Where Have All the Florida Grapefruit Gone?
by Paul Rusnak/ Growing Produce
Updated 5 yearss ago
Twenty years ago, the life of a Florida citrus grower was pretty sweet – at least compared to modern times. Back in the 1997-1998 season, Florida grapefruit producers harvested and packed a record 49.5 million boxes. Fast forward to today and that number now stands at a projected 3.88 million boxes for the 2017-2018 campaign, according to the latest USDA citrus crop estimate. The paltry number is not only light years away from the hefty haul of two decades ago, but also markedly down from last season’s output of 7.8 million boxes.
Years of disease pressure, most notably from canker early on and citrus greening for more than a decade now, has taken an enormous toll on overall yields. Multiple hurricane strikes in the Indian River citrus growing area in 2004, as well as a thorough thumping from Hurricane Irmalast year added salt in the wound. The bleeding, however, should stop at least for this season as harvest is complete for Florida grapefruit.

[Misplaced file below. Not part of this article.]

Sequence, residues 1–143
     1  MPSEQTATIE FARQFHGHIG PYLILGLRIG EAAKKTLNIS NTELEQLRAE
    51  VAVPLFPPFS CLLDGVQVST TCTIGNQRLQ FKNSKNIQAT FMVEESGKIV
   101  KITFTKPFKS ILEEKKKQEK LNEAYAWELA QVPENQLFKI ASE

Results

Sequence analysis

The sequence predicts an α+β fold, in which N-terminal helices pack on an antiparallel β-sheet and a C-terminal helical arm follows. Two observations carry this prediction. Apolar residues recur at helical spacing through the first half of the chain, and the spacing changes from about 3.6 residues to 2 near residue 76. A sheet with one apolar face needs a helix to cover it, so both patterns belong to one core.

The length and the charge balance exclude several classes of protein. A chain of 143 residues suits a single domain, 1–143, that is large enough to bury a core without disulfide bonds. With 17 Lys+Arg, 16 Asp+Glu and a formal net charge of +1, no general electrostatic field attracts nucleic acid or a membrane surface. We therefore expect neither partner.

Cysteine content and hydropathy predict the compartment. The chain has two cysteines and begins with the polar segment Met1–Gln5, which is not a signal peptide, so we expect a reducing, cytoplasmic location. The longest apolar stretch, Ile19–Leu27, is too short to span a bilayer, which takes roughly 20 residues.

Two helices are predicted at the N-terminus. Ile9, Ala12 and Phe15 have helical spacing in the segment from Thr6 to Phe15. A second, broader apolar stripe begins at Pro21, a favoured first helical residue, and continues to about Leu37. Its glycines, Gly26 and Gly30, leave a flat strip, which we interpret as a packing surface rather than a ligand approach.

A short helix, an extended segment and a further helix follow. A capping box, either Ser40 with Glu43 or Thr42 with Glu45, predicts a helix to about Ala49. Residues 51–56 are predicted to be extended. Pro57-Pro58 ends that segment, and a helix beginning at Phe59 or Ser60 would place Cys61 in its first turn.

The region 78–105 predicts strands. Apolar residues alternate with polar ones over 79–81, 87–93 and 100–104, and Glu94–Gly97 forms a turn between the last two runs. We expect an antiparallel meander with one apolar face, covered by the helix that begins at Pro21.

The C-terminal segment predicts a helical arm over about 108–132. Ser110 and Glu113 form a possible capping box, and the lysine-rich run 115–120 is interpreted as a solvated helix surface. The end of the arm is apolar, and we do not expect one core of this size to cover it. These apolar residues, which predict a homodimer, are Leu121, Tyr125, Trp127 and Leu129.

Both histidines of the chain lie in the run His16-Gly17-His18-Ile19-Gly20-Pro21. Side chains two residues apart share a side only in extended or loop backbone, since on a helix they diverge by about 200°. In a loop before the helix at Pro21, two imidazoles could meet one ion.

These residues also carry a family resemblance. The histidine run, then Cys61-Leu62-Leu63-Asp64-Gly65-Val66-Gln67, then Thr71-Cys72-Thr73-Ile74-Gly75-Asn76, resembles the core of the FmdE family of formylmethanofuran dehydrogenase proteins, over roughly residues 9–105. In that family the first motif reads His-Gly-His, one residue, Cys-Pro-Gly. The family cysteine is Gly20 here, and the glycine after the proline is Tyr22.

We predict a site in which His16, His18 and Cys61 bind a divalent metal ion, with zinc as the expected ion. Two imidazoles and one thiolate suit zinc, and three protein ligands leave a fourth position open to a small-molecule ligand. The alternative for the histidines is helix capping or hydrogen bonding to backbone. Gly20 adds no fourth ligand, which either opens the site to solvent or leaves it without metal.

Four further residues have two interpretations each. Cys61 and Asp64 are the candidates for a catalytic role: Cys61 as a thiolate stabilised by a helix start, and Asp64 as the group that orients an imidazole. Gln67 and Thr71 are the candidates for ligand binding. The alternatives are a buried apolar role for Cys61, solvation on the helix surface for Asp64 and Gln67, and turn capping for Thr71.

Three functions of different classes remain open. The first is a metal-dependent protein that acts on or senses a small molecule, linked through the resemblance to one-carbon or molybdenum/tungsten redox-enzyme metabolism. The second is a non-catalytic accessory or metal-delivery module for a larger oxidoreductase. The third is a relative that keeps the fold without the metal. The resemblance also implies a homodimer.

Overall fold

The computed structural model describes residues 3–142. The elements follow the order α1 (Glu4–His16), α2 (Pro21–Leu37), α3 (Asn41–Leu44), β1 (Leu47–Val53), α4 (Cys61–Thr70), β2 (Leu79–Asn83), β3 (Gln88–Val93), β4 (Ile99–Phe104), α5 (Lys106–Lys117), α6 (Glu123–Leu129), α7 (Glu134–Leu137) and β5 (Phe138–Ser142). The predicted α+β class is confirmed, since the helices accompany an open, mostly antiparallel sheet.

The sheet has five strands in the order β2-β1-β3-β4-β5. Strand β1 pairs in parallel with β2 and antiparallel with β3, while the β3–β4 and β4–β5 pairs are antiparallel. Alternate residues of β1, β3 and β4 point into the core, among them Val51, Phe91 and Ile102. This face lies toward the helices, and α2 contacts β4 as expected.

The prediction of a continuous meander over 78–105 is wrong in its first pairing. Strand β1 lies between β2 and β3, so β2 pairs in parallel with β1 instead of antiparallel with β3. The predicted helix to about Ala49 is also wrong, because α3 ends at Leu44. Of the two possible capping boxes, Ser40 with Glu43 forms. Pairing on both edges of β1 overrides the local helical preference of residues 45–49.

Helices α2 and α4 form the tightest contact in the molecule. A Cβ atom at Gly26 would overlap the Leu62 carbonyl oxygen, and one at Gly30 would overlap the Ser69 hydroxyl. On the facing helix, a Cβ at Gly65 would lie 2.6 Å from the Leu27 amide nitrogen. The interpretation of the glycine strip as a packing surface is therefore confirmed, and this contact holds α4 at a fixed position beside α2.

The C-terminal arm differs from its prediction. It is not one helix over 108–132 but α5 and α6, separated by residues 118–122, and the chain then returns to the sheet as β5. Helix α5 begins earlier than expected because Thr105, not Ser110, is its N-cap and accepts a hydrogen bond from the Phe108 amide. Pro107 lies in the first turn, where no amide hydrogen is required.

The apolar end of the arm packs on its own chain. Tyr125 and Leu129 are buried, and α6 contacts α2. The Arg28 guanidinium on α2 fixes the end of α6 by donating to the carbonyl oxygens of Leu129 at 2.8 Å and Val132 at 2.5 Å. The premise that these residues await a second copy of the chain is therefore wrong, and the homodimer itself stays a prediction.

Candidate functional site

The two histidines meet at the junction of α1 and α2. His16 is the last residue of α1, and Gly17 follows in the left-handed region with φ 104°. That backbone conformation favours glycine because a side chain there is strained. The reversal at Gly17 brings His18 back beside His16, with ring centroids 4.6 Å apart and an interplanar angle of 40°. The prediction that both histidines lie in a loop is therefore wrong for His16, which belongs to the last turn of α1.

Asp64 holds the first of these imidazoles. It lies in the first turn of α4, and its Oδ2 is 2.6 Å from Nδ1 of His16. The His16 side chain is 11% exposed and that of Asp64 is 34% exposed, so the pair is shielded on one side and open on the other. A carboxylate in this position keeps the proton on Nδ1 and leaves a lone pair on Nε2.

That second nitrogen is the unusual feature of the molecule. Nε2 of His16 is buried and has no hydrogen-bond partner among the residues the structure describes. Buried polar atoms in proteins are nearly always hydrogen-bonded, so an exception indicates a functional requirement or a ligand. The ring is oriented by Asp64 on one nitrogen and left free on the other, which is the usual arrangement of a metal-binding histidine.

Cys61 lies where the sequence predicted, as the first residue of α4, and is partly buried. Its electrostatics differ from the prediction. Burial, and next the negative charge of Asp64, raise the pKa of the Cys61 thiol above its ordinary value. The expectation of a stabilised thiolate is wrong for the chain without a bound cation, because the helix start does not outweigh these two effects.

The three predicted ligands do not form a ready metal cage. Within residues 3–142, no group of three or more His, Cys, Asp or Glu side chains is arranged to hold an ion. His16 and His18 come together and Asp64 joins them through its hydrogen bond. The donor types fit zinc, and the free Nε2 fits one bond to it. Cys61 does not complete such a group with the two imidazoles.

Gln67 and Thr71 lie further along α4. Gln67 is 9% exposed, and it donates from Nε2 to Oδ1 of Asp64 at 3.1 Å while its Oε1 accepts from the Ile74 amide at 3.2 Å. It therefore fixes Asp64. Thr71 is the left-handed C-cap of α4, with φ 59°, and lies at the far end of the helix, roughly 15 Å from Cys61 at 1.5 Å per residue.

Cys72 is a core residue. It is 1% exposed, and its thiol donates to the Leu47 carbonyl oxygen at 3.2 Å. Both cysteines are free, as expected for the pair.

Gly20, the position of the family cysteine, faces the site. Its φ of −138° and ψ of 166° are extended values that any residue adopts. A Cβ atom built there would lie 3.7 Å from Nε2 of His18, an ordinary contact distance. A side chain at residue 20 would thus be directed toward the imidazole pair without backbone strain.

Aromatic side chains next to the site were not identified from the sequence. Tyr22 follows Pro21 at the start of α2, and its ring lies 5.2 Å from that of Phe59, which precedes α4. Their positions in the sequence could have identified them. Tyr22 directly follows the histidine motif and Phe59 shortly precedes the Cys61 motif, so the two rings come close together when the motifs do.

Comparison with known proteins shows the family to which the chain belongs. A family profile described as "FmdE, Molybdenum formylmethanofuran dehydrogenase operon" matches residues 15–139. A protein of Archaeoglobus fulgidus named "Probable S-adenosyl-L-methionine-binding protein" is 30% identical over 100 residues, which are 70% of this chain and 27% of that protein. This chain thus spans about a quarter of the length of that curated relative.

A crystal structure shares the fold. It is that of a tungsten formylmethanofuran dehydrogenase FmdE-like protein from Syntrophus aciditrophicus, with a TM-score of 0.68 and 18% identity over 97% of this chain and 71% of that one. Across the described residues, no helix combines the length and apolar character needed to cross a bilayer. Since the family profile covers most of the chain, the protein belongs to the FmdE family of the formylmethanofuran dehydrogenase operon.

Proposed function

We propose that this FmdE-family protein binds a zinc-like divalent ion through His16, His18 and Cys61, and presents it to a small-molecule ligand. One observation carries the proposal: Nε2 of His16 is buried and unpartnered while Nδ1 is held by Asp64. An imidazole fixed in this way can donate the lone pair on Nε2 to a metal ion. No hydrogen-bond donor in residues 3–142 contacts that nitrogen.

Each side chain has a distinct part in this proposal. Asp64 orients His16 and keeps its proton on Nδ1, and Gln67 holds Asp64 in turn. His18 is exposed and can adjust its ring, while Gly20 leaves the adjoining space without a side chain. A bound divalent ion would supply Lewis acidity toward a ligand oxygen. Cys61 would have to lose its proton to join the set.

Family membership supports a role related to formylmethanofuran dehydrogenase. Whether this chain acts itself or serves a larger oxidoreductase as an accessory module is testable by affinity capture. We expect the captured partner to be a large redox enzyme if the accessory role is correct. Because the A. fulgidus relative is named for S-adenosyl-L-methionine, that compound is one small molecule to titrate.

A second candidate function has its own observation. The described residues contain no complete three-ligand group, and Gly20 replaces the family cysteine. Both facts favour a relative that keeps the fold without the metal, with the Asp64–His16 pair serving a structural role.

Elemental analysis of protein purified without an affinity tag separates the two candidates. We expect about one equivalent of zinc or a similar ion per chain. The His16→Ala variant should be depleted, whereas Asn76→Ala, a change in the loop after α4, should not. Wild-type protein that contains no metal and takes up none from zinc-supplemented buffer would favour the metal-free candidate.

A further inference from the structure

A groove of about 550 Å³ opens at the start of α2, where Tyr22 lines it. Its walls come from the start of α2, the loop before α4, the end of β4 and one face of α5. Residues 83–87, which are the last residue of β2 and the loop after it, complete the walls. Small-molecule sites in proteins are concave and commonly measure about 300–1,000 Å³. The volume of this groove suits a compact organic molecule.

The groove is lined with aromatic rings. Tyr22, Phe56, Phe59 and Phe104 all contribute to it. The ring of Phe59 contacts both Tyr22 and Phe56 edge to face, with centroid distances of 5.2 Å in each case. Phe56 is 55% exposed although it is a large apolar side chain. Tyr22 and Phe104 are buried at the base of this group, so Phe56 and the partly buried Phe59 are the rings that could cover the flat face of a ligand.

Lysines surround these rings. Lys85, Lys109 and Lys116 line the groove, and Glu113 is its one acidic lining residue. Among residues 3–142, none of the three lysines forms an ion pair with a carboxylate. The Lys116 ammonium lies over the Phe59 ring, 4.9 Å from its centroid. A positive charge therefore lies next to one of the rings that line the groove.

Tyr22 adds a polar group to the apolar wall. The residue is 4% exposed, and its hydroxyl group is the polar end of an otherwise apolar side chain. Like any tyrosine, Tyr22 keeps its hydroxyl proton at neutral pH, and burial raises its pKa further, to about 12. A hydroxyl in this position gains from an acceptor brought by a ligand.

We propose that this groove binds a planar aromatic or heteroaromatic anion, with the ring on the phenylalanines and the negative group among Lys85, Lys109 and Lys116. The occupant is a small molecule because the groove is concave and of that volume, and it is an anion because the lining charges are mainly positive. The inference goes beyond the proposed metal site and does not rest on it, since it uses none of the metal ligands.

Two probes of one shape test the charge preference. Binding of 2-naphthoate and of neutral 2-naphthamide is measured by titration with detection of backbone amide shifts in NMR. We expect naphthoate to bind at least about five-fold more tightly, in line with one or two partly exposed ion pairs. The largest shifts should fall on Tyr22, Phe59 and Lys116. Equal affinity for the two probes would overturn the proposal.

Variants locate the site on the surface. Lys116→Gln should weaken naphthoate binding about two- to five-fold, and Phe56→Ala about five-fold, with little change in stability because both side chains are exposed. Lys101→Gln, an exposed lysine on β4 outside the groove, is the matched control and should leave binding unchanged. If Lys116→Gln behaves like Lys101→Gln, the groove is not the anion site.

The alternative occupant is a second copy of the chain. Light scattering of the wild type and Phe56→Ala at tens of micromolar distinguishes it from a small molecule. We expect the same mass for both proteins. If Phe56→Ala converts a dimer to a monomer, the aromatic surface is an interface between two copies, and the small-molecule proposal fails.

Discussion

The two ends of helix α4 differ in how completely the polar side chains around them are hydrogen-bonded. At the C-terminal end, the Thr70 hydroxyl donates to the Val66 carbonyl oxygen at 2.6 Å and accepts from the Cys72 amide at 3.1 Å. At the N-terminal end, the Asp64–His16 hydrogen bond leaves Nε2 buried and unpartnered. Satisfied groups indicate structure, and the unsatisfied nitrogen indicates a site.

In addition, real estate trends on the Treasure Coast have led to more farmland transactions over the years. Prices provided during the recent Lay of the Land Conference in Orlando showed citrus groves that are no longer productive are selling in the $3,500 to $5,300 per acre range, while better producing groves are fetching $5,000 to $8,000 per acre.
So, what about oranges? The updated all-orange number stands unchanged from last month’s estimate at 44.95 million boxes. Last season, the final all-orange count finished up at 66.7 million boxes. Flashing back again to 20 years ago, the orange harvest topped 244 million boxes.
Well before Hurricane Irma did her dirty work, pre-season crop estimates were actually projected to be up year over year. The silver lining for now, the sign-up period is fast approaching for eligible citrus growers to receive hurricane recovery aid made available by the government.
Florida Commissioner of Agriculture Adam Putnam stayed positive in a statement his office released shortly after the USDA forecast was reported: “While today’s final citrus crop forecast brings this horrible season to a close, it’s important to remember that the industry is still recovering from Hurricane Irma’s unprecedented damage last year. Thanks to the collaborative efforts of the USDA, Florida’s agriculture industry, and our elected leaders, much-needed disaster assistance is on the way to help Florida’s growers.”
The final USDA 2017-2018 citrus crop report is scheduled for release on July 12.
This story is from Growing Produce.